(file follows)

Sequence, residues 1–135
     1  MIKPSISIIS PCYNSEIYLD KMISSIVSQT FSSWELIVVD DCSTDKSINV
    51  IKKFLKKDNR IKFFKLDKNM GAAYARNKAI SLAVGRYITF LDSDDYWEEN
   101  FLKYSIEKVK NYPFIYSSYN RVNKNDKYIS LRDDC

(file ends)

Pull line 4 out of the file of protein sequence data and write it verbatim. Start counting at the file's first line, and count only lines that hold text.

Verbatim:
   101  FLKYSIEKVK NYPFIYSSYN RVNKNDKYIS LRDDC